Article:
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Viewed in isolation, the rockets fired from Gaza on Israel and the Israeli air strikes on the besieged territory over the past week are business as usual. By the same token, the unprecedented joint visit to Beirut by the leaders of Saudi Arabia and Syria could be seen simply as a move to stop the conflict between their Lebanese proxies turning nasty. And British Prime Minister David Cameron's pleas to Turkey to keep open its channels of communication with Israel's leaders are quotidian diplomatic common sense. Viewed in a wider context, each of those events is a signal of why many in the Middle East believe that despite the outward calm, the region may be on the brink of another catastrophic war.
A new report based on extensive conversations with regional decisionmakers released Monday by the International Crisis Group, the respected mediation organization of former diplomats, warns of the possibility of war. "The situation in the Levant is ... exceptionally quiet and uniquely dangerous, both for the same reason," the Crisis Group warns. "The buildup in military forces and threats of an all-out war that would spare neither civilians nor civilian infrastructure, together with the worrisome prospect of its regionalization, are effectively deterring all sides." But while Hizballah and its regional backers, Syria and Iran, believe that the buildup in the Shi'ite militia's arsenal and capabilities is deterring Israel from launching attacks on any of them, Israel views the acquisition by Hizballah of a missile arsenal capable of raining destruction on Israeli cities as an intolerable threat. "As Hizballah's firepower grows," the Crisis Group notes, "so too does Israel's desire to tackle the problem before it is too late ... What is holding the current architecture in place is also what could rapidly bring it down." (See rare pictures of Hizballah's youth movement.)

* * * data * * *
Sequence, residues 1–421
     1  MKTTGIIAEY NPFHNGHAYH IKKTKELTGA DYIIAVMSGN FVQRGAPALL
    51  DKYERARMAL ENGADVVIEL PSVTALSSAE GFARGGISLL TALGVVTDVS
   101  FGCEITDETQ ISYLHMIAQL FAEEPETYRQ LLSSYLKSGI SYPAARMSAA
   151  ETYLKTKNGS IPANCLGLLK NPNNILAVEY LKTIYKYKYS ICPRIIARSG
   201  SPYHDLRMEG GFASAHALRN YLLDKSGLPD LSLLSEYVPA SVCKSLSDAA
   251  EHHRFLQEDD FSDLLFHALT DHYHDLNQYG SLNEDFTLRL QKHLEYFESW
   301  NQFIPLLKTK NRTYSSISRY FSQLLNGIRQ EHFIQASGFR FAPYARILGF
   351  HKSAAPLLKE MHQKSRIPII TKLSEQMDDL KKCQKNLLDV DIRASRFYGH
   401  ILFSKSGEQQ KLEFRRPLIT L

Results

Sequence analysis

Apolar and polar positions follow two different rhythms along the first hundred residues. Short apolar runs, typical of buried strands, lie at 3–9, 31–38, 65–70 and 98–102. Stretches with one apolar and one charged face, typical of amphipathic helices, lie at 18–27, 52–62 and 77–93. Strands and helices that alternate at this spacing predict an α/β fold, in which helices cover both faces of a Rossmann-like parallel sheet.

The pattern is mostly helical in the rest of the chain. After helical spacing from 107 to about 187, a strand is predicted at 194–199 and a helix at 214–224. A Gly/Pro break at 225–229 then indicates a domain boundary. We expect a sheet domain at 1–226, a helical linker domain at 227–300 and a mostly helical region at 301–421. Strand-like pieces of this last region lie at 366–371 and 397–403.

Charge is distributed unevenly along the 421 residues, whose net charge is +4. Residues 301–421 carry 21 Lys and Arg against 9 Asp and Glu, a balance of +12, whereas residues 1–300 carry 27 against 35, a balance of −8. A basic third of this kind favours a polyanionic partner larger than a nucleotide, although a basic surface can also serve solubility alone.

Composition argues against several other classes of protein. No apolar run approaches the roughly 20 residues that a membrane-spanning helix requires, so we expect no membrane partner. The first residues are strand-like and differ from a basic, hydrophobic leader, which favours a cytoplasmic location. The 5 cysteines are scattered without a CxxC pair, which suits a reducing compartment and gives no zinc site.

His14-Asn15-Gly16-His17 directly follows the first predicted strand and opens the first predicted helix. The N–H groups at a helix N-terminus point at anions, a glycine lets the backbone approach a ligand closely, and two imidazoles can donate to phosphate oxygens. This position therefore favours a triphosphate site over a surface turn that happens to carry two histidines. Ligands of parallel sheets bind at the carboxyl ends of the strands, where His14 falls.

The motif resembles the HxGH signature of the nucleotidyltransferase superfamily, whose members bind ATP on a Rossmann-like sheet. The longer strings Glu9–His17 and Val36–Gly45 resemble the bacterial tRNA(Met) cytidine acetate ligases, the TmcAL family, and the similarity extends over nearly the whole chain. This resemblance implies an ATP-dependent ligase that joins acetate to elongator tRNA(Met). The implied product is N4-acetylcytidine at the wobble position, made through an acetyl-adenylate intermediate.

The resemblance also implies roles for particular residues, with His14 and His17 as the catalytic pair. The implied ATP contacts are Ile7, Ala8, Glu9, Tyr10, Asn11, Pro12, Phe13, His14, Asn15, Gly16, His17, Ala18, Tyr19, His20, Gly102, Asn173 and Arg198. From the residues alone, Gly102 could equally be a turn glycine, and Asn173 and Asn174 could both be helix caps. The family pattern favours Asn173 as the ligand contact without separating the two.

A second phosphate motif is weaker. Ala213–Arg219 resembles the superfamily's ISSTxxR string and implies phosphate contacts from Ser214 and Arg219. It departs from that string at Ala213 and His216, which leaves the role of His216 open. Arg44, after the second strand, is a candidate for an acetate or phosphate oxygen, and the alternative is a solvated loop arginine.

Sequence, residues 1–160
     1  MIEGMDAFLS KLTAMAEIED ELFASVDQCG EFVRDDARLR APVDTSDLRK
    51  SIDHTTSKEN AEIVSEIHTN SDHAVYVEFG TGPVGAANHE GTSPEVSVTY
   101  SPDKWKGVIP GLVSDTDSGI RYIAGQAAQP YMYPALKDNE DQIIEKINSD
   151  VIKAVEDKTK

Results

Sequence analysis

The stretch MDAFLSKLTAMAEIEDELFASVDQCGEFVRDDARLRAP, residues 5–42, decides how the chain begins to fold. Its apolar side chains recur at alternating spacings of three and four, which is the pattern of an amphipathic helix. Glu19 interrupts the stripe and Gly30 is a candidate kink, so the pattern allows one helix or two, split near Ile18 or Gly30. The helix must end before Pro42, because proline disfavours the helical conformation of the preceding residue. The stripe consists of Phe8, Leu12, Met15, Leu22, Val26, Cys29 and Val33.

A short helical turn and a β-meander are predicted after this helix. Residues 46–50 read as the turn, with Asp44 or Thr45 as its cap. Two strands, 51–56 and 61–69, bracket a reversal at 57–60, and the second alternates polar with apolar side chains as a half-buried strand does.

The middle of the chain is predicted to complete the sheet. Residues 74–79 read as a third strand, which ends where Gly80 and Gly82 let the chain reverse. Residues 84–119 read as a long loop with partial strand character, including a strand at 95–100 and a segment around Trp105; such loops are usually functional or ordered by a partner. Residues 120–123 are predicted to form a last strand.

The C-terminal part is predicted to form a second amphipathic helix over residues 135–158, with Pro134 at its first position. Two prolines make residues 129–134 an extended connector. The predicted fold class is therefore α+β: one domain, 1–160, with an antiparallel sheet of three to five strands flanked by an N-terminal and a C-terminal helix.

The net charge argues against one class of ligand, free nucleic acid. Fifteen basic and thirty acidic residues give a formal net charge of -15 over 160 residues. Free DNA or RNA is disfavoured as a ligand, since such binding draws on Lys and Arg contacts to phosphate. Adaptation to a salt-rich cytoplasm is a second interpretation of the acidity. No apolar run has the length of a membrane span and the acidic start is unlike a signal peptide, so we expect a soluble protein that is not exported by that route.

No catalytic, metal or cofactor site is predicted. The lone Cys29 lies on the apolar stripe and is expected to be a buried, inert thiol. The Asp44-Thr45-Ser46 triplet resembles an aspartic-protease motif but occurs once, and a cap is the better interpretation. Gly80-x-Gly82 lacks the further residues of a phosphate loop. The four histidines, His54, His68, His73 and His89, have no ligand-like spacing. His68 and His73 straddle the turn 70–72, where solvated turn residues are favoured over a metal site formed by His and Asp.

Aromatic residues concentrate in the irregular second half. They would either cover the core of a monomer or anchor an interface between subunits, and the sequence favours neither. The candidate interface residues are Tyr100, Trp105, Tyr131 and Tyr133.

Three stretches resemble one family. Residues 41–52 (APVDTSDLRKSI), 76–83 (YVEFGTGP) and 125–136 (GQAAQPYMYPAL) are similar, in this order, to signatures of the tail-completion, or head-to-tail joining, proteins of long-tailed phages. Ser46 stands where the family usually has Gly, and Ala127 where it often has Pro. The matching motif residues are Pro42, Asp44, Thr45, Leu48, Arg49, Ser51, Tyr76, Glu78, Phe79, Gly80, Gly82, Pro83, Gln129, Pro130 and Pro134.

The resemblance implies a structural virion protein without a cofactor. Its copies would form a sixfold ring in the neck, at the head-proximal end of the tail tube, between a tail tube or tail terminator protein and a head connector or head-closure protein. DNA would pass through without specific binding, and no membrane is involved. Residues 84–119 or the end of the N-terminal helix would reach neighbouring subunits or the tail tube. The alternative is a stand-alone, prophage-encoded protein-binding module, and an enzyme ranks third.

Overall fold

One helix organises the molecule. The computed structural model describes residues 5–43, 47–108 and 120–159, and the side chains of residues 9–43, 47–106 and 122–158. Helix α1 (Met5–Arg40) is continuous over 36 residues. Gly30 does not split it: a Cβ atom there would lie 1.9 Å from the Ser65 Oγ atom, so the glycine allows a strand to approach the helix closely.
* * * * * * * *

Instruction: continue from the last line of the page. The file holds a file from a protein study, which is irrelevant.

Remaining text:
Should a new war break out, Israel is determined to strike a more devastating blow more quickly than it did during the last conflict, in which it failed in its objective of destroying Hizballah. It has publicly warned that it would destroy Lebanese civilian infrastructure, and that Syria, as Hizballah's armorer, would not be off-limits. But Hizballah believes its capacity to fire missiles into Tel Aviv is key to restraining Israel from returning to finish off the Shi'ite militia. And, of course, amid regional tensions over Iran's nuclear program, the self-styled "axis of resistance" — Iran, Syria, Hamas and Hizballah — have deepened their alliance, raising the possibility of any one of those groups joining the fray should any of the others come under attack from Israel or the U.S. (See pictures of Israel's 2006 invasion of Lebanon.)